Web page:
Abstract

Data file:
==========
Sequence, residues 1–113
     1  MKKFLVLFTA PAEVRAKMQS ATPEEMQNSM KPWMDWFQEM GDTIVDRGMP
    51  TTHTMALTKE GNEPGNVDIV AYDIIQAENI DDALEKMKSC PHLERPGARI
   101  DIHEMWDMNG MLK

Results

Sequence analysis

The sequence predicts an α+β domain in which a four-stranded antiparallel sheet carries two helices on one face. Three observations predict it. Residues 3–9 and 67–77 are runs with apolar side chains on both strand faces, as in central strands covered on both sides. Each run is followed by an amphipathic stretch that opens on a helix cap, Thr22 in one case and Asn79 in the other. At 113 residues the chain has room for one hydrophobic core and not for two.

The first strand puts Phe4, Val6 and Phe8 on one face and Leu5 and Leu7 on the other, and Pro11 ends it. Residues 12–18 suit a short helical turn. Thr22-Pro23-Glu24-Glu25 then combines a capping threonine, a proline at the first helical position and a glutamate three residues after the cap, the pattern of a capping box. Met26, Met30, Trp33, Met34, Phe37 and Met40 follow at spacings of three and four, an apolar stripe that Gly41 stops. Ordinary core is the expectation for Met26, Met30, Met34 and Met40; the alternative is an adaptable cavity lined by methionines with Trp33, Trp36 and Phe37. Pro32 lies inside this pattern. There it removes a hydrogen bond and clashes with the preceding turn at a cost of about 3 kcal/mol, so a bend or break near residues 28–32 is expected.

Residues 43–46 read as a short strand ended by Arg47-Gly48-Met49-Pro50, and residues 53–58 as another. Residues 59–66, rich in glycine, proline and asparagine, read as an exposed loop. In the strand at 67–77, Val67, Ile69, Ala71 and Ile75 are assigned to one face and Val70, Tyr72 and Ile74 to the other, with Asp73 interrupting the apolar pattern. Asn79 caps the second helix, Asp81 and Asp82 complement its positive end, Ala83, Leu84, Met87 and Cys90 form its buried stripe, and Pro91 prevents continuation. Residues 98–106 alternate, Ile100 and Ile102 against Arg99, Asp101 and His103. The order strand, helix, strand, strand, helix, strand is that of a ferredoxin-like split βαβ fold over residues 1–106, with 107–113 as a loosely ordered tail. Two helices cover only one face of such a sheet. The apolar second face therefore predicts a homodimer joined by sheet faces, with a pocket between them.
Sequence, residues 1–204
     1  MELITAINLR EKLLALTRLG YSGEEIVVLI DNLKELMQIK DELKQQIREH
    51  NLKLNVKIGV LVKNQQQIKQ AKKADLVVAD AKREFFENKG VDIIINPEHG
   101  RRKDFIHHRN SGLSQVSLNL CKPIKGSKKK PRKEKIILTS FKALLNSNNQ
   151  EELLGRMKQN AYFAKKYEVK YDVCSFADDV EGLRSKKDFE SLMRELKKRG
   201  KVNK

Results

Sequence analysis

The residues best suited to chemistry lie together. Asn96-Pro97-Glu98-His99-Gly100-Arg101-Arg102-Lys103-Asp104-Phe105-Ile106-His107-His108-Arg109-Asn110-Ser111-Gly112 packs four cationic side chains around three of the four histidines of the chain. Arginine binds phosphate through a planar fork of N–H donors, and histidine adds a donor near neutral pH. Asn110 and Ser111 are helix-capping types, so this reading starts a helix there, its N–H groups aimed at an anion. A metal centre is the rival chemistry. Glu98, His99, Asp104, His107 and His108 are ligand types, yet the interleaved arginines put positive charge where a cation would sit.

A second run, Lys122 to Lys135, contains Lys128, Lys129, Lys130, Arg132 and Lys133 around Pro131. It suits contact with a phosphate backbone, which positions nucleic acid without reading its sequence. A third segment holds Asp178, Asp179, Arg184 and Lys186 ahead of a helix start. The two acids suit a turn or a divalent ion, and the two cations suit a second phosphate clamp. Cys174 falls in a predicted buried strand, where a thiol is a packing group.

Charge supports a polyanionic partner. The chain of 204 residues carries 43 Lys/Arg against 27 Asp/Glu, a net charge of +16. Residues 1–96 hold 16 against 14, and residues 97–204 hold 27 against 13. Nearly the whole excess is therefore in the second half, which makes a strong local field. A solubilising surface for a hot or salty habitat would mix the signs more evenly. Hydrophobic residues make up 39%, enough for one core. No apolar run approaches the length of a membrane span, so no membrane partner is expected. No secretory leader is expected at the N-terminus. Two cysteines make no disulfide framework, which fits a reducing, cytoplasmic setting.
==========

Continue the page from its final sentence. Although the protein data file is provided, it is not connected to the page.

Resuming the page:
Taiwan's geo-strategic position and its domestic political development have been in conflict throughout its modern, post-Chinese civil war history. Taiwan's geo-strategic position, defined by its oppositional relationship to China, has ensured that Taiwan and the cross-strait relations have remained a global flash point for close to 60 years. For the first 40 years, Taiwan's goal to reclaim China has underpinned the authoritarian Kuomintang party-state and its domestic program of enforced Sinification. Since the end of the Cold War, Taiwan's democratization has fundamentally changed Taiwan's political identity and unleashed an irreversible nation-building process. Taiwan's nation-building is moving the country away from reunification with a rising China. Unfortunately, this decision compromises its already vulnerable geo-strategic position and external support.

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